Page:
What does it mean to be on the right politically?

Posted in Blog, Politics


John Redwood, UK MP

As UK Tory MP John Redwood points out today, the liberal media tends to call anyone “right” as a term of abuse for people they disagree with.  The “right” within the Conservative party is a term used  to describe a wide range of people, often with very different views on issues.

As John points out, there are, for example, right wing  liberals, and right wing authoritarians. The right wing freedom lovers want more civil liberties, seek proper checks and balances to the abuse and use of state power, distrust ID cards, excessive stop and search, detention without trial and the rest.  The right wing authoritarians think the state’s prime duty is to defend its citizens. They think the state might have to restrict freedom, keep more records, spend more on police, prisons and surveillance.

Curiously, the first group of “right wingers” often find themselves in alliance with “left wing” civil liberty lobbies. The second group of authoritarians have more in common with Blunkett and the populist authoritarianism of New Labour.

There are then, as Redwood reminds us, the small state “right wing”  Conservatives, who want the state to do much less, spend, borrow and tax less. These are countered by the better state Conservatives, who want expanded Armed forces, police and security budgets and budgets for some other public services even at the cost of higher borrowing and taxes.

There are “right wing” moral Conservatives, following a Catholic or often evangelical style morality. They want tight control on abortion, religious education, tax breaks for the married family, support for traditional families. There are then the new liberal right wingers, who want much greater freedom for various lifestyles, and favour liberalising drugs, and avoiding moral comment on how people live.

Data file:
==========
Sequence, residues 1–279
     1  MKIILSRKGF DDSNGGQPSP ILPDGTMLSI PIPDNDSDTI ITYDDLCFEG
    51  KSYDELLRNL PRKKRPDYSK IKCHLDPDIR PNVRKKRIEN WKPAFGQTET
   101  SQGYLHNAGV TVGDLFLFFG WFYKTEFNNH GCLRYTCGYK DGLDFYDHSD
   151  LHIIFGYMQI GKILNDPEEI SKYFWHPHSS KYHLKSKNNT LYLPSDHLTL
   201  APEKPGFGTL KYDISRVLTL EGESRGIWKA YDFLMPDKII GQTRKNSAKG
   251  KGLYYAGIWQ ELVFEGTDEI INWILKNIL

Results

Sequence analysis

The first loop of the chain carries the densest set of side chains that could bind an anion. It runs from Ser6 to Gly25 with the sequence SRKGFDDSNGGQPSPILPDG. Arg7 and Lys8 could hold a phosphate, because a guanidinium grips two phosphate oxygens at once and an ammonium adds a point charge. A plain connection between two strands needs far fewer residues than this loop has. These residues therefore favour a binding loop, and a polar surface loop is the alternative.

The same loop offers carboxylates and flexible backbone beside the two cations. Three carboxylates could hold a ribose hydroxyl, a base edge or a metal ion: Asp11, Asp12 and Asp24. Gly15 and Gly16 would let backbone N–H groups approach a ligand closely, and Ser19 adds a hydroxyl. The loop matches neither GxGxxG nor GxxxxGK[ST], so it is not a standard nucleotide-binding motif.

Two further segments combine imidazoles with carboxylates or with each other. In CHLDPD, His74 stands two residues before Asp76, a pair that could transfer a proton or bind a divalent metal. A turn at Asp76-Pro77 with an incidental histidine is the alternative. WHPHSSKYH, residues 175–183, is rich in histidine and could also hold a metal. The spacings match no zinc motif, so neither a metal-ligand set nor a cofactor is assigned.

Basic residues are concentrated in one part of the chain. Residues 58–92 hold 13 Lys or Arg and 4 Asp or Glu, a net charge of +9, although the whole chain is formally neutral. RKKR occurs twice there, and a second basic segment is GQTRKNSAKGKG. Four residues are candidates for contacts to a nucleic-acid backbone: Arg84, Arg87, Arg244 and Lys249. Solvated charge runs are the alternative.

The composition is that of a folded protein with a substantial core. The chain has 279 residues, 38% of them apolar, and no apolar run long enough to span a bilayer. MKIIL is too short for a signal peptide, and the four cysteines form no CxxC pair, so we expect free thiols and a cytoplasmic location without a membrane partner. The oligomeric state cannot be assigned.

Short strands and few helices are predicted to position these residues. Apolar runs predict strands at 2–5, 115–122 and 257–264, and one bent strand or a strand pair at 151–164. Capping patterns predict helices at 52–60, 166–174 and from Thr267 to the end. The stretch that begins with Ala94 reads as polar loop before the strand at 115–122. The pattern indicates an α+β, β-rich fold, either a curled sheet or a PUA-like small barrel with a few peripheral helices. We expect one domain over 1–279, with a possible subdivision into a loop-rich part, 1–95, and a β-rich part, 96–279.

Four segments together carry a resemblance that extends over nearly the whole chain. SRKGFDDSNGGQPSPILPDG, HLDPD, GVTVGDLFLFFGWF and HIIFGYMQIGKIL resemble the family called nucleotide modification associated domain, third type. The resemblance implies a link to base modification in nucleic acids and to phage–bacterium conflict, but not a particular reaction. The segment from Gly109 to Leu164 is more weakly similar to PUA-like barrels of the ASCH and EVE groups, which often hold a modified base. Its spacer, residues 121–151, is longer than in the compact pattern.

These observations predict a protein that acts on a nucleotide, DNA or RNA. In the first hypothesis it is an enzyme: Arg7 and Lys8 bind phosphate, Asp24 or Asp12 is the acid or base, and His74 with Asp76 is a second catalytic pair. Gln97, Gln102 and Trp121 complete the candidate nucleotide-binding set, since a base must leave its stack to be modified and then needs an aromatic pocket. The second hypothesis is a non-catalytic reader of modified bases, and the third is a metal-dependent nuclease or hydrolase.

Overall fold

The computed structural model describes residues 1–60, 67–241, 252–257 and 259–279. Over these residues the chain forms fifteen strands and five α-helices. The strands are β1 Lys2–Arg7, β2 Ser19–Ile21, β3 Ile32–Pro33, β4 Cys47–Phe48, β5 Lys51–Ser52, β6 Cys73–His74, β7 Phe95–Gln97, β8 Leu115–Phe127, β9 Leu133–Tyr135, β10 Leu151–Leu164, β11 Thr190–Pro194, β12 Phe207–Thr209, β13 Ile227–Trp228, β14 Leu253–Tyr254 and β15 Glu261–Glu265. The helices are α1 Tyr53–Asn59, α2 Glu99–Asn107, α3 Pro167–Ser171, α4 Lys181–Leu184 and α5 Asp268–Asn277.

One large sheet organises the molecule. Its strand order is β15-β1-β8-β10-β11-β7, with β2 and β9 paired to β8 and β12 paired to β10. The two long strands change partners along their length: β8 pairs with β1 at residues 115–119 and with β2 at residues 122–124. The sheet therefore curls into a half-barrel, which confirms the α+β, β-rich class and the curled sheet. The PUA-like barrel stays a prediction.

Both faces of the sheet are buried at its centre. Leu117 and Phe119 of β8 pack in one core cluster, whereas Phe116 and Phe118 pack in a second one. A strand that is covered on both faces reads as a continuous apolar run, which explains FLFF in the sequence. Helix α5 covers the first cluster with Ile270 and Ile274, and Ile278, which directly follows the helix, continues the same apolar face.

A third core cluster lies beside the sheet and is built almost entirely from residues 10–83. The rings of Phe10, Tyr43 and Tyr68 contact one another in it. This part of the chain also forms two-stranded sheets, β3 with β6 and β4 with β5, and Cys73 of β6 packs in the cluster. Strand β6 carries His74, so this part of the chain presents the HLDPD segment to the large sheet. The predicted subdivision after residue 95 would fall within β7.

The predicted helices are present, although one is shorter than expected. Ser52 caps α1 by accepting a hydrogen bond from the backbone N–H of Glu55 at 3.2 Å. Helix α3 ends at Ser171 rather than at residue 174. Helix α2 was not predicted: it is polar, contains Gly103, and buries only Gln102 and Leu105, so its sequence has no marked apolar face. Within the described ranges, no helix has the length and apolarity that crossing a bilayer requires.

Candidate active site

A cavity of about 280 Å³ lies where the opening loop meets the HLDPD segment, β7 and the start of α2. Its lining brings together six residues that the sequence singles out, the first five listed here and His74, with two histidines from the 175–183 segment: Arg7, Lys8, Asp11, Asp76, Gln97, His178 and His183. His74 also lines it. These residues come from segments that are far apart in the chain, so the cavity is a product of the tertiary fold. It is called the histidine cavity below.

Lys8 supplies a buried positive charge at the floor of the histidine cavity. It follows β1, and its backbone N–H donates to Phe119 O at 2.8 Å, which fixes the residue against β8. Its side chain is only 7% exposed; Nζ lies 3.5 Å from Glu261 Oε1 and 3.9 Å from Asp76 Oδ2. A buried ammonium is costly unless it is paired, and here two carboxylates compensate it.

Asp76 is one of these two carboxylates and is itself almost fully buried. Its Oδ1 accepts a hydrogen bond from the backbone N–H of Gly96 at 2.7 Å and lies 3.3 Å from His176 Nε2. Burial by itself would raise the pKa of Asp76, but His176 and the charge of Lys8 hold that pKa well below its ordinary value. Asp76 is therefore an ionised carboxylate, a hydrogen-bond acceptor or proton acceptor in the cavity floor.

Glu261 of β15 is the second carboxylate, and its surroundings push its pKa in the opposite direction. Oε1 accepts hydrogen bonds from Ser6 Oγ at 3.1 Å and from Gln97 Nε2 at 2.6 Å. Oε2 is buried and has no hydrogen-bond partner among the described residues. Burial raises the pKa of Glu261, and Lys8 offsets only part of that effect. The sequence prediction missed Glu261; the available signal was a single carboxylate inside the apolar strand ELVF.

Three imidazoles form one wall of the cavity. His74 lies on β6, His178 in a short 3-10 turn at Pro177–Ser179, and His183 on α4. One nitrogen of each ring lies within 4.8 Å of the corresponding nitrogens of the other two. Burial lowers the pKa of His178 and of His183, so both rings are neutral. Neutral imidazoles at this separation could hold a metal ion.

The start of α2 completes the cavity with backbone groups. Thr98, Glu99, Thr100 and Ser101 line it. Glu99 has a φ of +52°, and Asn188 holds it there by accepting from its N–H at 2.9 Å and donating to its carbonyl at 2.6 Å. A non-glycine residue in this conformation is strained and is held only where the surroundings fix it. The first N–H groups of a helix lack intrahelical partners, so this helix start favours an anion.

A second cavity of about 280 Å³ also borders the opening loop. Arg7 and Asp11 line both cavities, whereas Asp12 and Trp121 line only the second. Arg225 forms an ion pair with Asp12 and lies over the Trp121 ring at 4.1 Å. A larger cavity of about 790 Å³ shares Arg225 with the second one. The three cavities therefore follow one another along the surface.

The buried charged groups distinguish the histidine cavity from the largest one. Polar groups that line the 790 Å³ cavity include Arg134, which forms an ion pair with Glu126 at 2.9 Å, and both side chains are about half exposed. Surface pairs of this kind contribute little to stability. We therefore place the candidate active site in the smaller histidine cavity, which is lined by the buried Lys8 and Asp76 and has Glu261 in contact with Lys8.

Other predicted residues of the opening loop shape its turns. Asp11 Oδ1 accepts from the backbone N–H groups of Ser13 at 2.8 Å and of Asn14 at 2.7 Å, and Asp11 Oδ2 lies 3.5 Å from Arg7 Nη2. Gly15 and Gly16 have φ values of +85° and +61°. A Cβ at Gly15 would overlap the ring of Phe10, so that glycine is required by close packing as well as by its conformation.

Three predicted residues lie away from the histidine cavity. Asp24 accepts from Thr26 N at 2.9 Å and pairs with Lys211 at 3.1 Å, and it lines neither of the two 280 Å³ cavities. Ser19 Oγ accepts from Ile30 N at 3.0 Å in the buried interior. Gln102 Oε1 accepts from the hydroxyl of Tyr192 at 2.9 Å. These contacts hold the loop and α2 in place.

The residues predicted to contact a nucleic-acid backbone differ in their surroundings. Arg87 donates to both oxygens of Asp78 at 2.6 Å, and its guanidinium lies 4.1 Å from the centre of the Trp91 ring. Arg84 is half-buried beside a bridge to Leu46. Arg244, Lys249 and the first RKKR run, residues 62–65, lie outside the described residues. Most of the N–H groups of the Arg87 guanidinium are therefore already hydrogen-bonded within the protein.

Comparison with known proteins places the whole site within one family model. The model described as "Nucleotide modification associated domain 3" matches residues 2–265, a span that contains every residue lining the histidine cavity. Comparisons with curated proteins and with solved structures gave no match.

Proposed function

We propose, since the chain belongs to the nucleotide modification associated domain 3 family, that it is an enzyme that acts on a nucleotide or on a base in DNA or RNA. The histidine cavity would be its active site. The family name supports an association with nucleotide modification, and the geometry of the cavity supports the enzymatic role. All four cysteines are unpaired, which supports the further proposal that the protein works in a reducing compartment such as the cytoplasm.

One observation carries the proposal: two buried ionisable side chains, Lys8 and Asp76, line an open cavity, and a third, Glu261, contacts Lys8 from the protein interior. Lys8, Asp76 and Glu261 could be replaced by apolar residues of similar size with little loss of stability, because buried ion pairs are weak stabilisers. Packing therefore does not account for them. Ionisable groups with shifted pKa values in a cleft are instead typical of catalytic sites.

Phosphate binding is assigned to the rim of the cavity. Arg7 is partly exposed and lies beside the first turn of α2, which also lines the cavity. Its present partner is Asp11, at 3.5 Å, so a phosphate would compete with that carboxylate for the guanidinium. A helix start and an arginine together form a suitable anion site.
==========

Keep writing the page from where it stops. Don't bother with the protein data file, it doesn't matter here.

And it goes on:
In foreign policy there are “new right” neo-cons, who support muscular intervention, often led by theUSA. They gave Tony Blair strong support forIraqandAfghanistan. They are opposed by small state Conservatives, who disliked the assertion of force in the Middle East by theUK.

 With his knowledge of the House of Commons, John Redwood highlights how some unlikely collaborators are thrown together. Traditional socialists want less power to go to the EU, as they see the EU as a kind of capitalist plot. Many Conservatives want less power to the EU, as they see it as a kind of social democrat plot. The two groups agree about several things, They agree that decisions should be taken in theUK, not inBrussels. The main decisions should be taken by elected officials answerable to theUKelectorate. The decisions should be capable of reverse if theUkgovernment changes.  They merely disagree passionately about what those decisions should be. Anti EU votes bring together so called left and right.

Then some Labour people were upset by the attack on civil liberties mounted in the name of counter terrorism by the last government. They do end up voting with Conservatives to curb the powers of the state.

The Catholic and evangelical family (strange bedfellows pointing to another surprise!) agenda has adherents on the Labour benches as well as on the Conservative benches.

 So it is all a lot more complex and fluid than a simple left-right analysis would suggest.  Do comment on this blog and tell me where you fit into this complex picture!